High rate of immune flight: This model shows how omicron can spread, if immune evasion is high (66 percent). Then the omicron will spread in a high wave, and the two virus variants can coexist without affecting each other. Photo: Twitter / Trevor Bedford
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Bedford shared a number of models where he calculated omicron and delta spreads. It is stated here that the greater the immune evasion, the less impact of omicron spread on delta virus spread.

This week the researcher raised concerns about the omicron variant in reputable media such as New York times And Atlantic Ocean.

cross immunity

Line Vold, director of the National Institute of Public Health’s Division of Infection Control and Emergency Preparedness, explains to Dagbladet how this could happen:

Low immunity: This model shows how omicron can spread, if the immune response is low (33 percent).  Then omikron will kill delta virus.  Photo: Twitter / Tom Bedford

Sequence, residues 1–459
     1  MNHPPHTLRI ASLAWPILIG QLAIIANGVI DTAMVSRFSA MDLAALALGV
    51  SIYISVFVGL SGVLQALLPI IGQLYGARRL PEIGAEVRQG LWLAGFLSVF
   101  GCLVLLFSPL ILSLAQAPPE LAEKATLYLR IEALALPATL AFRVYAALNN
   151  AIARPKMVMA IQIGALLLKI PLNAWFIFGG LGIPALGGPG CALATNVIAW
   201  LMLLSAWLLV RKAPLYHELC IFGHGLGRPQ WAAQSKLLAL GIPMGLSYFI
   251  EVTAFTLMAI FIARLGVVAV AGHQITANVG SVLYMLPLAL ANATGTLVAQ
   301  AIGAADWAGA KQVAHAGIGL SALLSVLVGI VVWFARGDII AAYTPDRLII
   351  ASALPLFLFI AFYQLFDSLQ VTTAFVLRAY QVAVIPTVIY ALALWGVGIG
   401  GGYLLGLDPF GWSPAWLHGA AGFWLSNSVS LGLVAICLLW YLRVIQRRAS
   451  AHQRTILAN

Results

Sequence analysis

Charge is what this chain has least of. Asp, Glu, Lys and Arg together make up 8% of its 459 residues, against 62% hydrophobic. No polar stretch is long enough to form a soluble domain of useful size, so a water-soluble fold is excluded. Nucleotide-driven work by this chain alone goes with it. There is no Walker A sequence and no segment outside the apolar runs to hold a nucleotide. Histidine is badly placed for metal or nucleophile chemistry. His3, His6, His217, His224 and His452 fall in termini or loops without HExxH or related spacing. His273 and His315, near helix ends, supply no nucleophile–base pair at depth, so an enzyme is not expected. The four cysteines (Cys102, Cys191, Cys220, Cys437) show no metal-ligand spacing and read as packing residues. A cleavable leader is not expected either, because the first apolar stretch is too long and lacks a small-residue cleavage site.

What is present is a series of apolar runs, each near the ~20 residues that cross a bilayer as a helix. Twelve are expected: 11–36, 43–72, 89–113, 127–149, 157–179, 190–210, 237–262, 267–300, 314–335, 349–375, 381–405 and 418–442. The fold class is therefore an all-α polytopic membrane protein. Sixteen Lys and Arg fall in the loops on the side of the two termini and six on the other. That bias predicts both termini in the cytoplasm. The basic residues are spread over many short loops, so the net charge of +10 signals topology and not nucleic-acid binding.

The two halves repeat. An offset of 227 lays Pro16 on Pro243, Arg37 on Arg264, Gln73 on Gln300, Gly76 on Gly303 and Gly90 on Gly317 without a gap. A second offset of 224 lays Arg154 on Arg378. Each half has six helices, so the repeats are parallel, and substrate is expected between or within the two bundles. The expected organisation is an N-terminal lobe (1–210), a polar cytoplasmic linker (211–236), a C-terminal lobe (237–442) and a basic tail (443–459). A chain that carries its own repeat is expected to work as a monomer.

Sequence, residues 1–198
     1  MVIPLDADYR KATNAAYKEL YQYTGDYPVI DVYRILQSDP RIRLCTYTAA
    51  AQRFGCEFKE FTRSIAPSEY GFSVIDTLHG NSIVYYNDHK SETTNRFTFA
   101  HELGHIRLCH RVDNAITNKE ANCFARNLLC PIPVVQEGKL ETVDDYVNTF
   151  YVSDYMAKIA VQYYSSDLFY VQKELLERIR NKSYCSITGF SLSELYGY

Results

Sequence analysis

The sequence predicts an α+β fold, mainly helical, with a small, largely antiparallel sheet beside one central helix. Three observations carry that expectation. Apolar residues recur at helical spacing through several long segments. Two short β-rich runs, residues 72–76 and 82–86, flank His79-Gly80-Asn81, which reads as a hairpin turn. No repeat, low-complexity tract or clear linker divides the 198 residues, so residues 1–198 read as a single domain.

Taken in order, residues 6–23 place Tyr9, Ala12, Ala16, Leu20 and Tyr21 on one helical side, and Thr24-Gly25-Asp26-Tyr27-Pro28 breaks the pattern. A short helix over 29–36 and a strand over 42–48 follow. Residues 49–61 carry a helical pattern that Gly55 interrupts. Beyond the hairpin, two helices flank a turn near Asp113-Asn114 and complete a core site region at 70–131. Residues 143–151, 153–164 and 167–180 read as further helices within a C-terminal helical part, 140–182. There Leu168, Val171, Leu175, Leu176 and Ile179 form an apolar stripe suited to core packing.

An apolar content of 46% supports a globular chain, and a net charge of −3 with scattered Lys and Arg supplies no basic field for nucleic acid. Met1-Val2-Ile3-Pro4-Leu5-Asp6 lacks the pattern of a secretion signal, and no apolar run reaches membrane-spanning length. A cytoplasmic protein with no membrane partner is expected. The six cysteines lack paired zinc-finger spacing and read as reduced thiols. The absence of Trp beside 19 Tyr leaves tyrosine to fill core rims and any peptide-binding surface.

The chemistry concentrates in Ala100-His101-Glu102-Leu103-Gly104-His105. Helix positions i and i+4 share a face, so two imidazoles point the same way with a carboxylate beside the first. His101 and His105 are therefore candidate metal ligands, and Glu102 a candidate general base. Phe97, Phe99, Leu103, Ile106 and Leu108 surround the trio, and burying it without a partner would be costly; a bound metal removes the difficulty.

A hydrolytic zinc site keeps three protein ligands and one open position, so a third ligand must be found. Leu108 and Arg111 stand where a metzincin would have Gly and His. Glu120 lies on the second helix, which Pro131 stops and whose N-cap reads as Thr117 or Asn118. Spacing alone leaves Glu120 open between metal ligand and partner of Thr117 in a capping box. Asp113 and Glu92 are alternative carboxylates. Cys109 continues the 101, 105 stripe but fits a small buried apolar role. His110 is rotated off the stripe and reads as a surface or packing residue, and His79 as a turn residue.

Low immunity: This model shows how omicron can spread, if the immune response is low (33 percent). Then omikron will kill delta virus. Photo: Twitter / Tom Bedford
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– This is something that has been discussed internationally. The discussion arose because Omicron is so different from Delta, that one wonders to what extent one variant provides protection against another, says Fuld – and explains:

So if you don’t have a certain cross-immunity, you can have two that are much more different. Whereas if you get good cross-delta omikron protection, you’ll see such an evolution to a lesser degree.